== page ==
The book is arranged in 11 longish chapters, largely following a chronological progression of events. The edition that I have has some interesting appendices as well as a bibliography. There isn’t much in the way of graphics, but as the book reads like a novel one doesn’t expect there to be.
I’d recommend this book for those who are interested in history or psychology. It’s fascinating in both domains. While I thought the book could have been a little clearer and more concise, it’s still quite readable and the heart of the story is highly engaging. I was also reading the book as a general interest reader. A scholarly reader might appreciate Huxley’s thoroughness more.
Top reviews from other countries
This is quite a complex book to read, because to understand what happened and the full consequences of the Loudun Possessions we need to know about other things of the period. So here we have pieces about the politics of the time, both religious as well as secular, which in themselves make for interesting reading, and with this we can see how different factions gained footholds in certain areas. This along with the average thoughts and concerns of the people at the times does help to put what happens further on into context.
Although only a small town as such Loudun was somewhere that had both Catholics and Protestants, and thus there was always some sort of tension going on. Enter onto the scene then Catholic priest Urbain Grandier, handsome, definitely a lady’s man, clever, and not being from the area, mistrusted by a number of people. Foregoing his vow of chastity, this was a man who liked to put it about, which didn’t go down with fathers and husbands.
Already facing a number of problems this is only exacerbated when reports of him appearing magically at the local convent and cavorting with the nuns take hold. Initially these began with the prioress, the hunchbacked Sister Jeanne. Ultimately the nuns themselves became a sort of tourist attraction, and there were torturing and burnings at the stake before the matter was resolved.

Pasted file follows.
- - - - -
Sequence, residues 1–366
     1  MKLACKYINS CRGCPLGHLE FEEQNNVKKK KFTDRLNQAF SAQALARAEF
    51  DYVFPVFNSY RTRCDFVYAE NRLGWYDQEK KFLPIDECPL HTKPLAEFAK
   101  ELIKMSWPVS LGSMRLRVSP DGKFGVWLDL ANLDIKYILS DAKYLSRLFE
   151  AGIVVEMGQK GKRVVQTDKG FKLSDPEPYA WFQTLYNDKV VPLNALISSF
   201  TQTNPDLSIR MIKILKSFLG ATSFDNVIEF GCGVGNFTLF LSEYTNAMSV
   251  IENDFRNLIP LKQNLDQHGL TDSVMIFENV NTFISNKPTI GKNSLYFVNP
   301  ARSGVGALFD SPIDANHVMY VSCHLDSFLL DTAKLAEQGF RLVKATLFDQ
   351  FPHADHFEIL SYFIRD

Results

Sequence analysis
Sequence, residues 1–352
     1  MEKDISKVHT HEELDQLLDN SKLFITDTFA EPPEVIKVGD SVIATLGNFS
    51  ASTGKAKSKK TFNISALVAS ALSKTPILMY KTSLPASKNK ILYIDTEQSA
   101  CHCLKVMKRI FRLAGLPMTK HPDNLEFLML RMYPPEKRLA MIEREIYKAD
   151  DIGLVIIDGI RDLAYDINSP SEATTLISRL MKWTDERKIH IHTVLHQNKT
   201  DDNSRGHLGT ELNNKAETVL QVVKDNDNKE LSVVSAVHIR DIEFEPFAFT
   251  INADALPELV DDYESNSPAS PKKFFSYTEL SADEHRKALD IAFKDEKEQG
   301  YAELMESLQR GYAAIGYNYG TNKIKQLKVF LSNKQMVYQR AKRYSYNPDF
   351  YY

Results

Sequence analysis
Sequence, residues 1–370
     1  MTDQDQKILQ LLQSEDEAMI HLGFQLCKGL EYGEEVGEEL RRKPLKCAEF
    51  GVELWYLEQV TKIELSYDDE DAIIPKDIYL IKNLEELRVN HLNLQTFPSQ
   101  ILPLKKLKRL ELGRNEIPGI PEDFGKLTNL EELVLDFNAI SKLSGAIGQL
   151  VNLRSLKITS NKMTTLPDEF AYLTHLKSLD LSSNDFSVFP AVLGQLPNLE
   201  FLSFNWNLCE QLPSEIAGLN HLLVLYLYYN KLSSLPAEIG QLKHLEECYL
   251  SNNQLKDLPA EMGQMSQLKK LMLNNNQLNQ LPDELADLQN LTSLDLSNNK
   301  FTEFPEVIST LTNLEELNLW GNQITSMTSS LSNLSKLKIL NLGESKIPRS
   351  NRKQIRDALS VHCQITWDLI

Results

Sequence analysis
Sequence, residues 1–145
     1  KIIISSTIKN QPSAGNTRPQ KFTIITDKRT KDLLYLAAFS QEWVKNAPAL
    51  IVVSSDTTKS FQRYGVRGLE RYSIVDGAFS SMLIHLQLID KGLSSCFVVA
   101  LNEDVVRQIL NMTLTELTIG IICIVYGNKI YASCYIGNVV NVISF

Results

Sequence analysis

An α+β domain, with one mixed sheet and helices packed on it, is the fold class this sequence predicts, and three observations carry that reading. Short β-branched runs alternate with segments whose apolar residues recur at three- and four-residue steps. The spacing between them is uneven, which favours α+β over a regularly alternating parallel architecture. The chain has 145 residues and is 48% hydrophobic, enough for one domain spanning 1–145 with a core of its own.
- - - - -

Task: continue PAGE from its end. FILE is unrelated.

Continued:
Huxley along with some others who have studied the case have come to the conclusion of mass hysteria, but others have come to different conclusions over the years, so although a very interesting read we do not really know what actually happened, so Huxley could be right or wrong. Personally, I think he may be right to a certain degree, but other considerations should have been taken into account. Anyway, whatever the true circumstances this is something that still can be seen as a warning of what can happen when manipulation and personal feelings and emotions can get involved in things that require a cool mind and judgement.
The Devils of Loudon is not only a masterful account of the mass hysteria that surrounded the so-called possession of the nuns of Loudon, it is a book that goes much further than that.
One understands better the grasp of any sort of totalitarian regime and how those sorts of ideologies gain followers.
This book is one of the greatest books I have ever read and I intend to re-read it many times.
It has a message that should be scrupulously studied if we ever wish to better understand the world in which we live.
I cannot recommend it highly enough!
I have found this book very inspirational and
very thought provoking. At times very brutal,
it will illuminate the darkest parts of humanity.
No wonder, many film directors have used
this material in their films, one way or another.